After $787.5m Dominion settlement, what’s next for Fox?

Man holding anti-Fox sign

While Fox avoided a lawsuit, scholars believe the Dominion settlement puts the network in a tricky position with its audience.

A last-minute $787.5m (£634m) deal allowed Fox News to avoid a lengthy and potentially embarrassing defamation trial with US voting machine company Dominion.

In its $1.6bn lawsuit, Dominion alleged that Fox had damaged its business by spreading false claims that its machines had helped rig the 2020 election in Joe Biden’s favour.

While Fox swiftly declared the settlement a victory, the media empire was also forced to admit that “certain claims” it made about Dominion were false, potentially putting it at odds with former President Donald Trump and vast swathes of its audience ahead of the upcoming 2024 election.

The network, controlled by 92-year-old billionaire mogul Rupert Murdoch, must also still contend with a second, similar lawsuit from another voting technology firm, Smartmatic, seeking an even larger sum of $2.7bn.

But whether or not any of this changes the way Fox and other media networks operate, however, remains to be seen.

Nicole Hemmer, an associate professor of history at Vanderbilt University who specializes in media, conservatism and electoral politics, told the BBC that while Fox saved itself from a public trial, it had already been harmed by court documents that revealed the inner workings of the network .

They showed network executives were worried that they were losing viewers angry over Fox’s decision to correctly declare that Mr Trump had lost in the crucial state of Arizona to President Biden. Internal communications also showed that the network was scared of losing viewers to far-right competitors One America Network (OAN) and Newsmax.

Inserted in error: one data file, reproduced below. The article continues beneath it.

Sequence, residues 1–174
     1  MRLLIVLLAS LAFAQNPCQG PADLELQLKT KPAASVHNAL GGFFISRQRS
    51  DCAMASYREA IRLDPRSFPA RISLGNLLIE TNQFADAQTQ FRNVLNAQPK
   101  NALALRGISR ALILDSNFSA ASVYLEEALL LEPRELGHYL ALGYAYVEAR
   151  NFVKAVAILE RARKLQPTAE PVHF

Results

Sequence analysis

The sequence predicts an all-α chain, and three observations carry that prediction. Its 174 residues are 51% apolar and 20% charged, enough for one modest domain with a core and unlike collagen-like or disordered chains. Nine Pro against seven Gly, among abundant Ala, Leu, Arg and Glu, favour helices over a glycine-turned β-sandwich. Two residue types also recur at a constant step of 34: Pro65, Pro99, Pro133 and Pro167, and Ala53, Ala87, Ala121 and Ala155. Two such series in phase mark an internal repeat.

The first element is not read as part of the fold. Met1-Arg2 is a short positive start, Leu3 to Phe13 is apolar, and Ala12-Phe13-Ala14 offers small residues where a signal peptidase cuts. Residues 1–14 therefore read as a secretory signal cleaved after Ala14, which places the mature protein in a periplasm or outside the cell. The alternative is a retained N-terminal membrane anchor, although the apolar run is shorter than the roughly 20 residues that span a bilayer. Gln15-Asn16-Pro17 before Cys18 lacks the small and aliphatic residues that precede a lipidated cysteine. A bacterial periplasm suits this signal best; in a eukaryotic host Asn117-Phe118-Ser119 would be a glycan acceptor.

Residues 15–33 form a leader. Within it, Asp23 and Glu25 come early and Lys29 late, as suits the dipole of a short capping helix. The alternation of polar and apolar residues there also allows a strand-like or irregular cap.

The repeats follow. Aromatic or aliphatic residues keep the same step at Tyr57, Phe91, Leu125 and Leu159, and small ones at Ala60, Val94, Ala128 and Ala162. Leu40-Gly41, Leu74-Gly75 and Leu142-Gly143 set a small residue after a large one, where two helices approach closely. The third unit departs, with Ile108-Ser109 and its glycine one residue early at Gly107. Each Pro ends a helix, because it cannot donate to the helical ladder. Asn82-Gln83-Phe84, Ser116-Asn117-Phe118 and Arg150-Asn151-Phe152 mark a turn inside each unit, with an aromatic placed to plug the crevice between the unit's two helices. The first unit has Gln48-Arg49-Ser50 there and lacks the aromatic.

They also showed that behind the scenes, the biggest names at the network were not convinced. Mr. Murdoch wrote in an email that the then-US president was going “increasingly mad” after election day. And Tucker Carlson, host of the network’s top-rated programme, said he hated Mr Trump “passionately” and that his presidency had been a disaster.

“So much of what we saw behind the scenes…were the kinds of political pressures that made it impossible for Fox News to report accurately on the election,” Ms Hemmer said. “And those pressures aren’t going away.”

Looking forward to the 2024 election, Ms Hemmer said she still expects misinformation to make its way into the channel’s political coverage.

“It’s pretty hard to prove defamation in the US,” she says. “All Fox has to do is continue to spread election lies, conspiracies and falsehoods without naming a particular company or person, and there’s no risk of lawsuits in the future.”

The settlement “will just make them better about not putting things on paper behind the scenes”, Ms Hemmer added.

Similarly, American University media and politics professor Jane Hall said that it would be difficult for Fox to escape the “ugly embrace” the network had with Donald Trump if it wanted to avoid suffering in the ratings war against its further-right competitors.